Indonesia To Legislate Blockchain Bill For Acceptance Of Bitcoin As Legal Tender
Indonesia To Legislate Bill For Acceptance Of Bitcoin As Legal Tender
Indonesia’s Commodity Futures Trading Regulatory Agency, also known as Bappebti, had in June 2018 signed a decree to make cryptocurrency a commodity legally acceptable on stock exchanges.
The regulatory agency disclosed that the Indonesian government would soon make the necessary corresponding legislation to regulate currency exchange companies, taxation, and other related matters.
Bappebti approved a regulation to recognize Bitcoin and other cryptocurrencies as a legal trading commodity. The legislation also gives legal backing to cryptocurrency exchange firms already operating in the country.
The new policy outlines a set of regulations with regard to cryptocurrency circulation in the country. It particularly requires cryptocurrency exchange firms to comply with risk assessment, anti-money laundering (AML) and combating the financing of terrorism (CFT) laws. In addition, the policy also states that cryptocurrency traders must keep records of the transaction for at least five years and have a server located within the country.
The Head of the agency, Indrasari Wisnu Wardhana revealed that with the introduction of the new legislation, the agency hopes to “give cryptocurrency investors protection against fraudulent sellers”
However, the head of the Payment System Policy Department in the Bank of Indonesia (BI) Onny Widjanarko disclosed that “Bank of Indonesia still prohibits Bitcoin or crypto as a means of payment. A commodity is not an area of the bank, but we are concerned about the above.”
Although Indonesian Bitcoin brokers have expressed their dissatisfaction with regulators following the new capital requirements that were introduced in October 2018, the new policy requires brokers to have at least 70 million dollars to launch futures trades.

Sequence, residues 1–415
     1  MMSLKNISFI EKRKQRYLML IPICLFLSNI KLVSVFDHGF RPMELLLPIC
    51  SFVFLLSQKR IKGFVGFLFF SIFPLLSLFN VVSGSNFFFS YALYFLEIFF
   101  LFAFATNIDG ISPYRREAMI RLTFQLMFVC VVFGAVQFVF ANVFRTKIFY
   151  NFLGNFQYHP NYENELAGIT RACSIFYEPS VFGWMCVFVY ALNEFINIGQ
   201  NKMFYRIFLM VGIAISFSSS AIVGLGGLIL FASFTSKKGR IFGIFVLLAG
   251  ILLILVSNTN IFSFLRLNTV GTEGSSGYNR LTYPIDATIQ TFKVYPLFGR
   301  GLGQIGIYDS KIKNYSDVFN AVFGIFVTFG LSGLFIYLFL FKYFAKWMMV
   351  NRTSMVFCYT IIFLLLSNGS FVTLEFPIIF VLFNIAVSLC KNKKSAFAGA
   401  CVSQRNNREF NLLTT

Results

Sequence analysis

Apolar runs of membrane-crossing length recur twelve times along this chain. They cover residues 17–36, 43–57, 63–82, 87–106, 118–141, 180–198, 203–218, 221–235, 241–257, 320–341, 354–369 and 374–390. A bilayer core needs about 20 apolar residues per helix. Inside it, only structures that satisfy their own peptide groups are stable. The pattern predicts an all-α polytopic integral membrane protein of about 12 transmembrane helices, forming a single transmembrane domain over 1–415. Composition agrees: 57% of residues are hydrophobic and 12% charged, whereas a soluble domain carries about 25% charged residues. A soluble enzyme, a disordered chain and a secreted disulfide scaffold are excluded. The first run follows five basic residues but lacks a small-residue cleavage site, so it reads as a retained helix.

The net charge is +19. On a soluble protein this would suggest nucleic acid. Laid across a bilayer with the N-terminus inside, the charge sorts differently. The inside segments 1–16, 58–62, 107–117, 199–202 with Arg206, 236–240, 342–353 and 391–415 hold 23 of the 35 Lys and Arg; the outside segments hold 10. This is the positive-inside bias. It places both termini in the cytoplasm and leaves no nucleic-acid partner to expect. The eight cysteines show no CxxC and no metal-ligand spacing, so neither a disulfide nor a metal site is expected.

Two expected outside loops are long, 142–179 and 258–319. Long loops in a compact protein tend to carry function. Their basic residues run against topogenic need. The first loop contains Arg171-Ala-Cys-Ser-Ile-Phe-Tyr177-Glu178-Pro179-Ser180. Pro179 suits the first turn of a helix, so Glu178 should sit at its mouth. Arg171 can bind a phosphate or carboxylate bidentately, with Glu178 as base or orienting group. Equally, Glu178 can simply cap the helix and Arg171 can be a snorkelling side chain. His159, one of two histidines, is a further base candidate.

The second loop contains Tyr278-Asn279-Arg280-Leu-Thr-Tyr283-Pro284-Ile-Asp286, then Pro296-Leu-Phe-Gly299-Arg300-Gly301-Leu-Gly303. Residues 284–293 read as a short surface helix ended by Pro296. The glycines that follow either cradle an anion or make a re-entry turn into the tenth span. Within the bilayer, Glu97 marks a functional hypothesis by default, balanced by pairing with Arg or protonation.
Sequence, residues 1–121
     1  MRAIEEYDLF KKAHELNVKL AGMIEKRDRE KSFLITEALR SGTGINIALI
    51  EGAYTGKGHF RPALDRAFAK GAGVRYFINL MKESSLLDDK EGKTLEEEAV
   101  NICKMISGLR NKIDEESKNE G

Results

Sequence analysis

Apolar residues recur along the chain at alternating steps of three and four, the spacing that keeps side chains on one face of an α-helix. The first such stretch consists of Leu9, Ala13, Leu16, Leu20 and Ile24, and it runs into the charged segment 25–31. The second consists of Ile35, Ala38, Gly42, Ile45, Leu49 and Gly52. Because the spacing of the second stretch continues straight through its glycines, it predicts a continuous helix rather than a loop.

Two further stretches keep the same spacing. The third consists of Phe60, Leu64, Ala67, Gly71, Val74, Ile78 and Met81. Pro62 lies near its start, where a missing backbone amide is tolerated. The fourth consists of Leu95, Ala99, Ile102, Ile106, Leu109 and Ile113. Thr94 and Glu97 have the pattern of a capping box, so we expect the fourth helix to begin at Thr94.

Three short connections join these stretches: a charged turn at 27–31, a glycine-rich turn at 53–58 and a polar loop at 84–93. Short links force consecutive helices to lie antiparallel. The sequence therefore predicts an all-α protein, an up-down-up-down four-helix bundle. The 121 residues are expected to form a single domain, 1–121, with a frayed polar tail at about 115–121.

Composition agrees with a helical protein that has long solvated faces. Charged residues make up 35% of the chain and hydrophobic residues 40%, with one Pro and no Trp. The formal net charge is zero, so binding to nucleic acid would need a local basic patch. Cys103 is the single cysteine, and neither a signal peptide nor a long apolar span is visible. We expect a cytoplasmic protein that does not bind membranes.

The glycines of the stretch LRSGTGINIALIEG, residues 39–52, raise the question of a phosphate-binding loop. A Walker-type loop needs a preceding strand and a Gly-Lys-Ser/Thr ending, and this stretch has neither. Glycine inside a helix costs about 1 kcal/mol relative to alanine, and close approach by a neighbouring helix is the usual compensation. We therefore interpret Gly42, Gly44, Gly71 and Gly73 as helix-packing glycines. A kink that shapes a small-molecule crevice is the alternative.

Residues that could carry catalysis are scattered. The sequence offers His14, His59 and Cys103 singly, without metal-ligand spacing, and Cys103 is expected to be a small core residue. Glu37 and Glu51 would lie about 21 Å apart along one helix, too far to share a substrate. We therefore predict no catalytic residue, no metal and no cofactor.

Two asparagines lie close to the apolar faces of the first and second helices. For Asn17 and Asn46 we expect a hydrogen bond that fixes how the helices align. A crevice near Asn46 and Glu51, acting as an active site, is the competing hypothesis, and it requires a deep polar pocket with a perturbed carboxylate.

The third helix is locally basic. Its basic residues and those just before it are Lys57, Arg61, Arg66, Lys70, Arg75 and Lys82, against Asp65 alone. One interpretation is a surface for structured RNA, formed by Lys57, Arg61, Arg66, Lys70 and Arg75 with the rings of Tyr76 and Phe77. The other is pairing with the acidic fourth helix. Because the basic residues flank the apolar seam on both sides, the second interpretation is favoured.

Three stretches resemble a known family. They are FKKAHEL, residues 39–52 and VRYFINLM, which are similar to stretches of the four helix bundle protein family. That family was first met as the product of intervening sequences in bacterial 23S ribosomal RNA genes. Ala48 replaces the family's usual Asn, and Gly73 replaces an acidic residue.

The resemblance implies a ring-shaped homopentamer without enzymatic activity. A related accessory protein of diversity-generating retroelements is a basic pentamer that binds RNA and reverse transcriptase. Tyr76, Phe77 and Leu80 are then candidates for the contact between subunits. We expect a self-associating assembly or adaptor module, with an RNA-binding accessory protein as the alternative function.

The Bank of Indonesia, with its headquarters situated in Jakarta, Indonesia, is the central bank of the country and sole the issuer of Indonesia’s legal tender currency – the Indonesian Rupiah.
It is noteworthy that the bank is independent of the government and operates a typical central bank like organization, making it contemporaries to many other central banks in the world.
In addition to its primary responsibility of maintaining the general stability of money and prices the Bank is also entrusted with the function of, maintaining financial stability and sustainability, increasing and reassessing the effectiveness of the country’s monetary management, maintaining an efficient banking system for its citizens, issuing legal tender currency as well as to overseeing payment systems.
Recently, the bank unveiled plans to retain its monetary policy rate for the third successive month after a two-day meeting of its governing board last week. The apex financial institution also vowed to continue in its efforts to make sure sufficient liquidity in the banking sector is achieved in other to encourage loan growth this year.
During the meeting, the bank also decided to maintain its seven-day reverse repo rate at 6 percent while the lending facility and deposit facility rates were also remained 6.75 and 5.25 percent, respectively.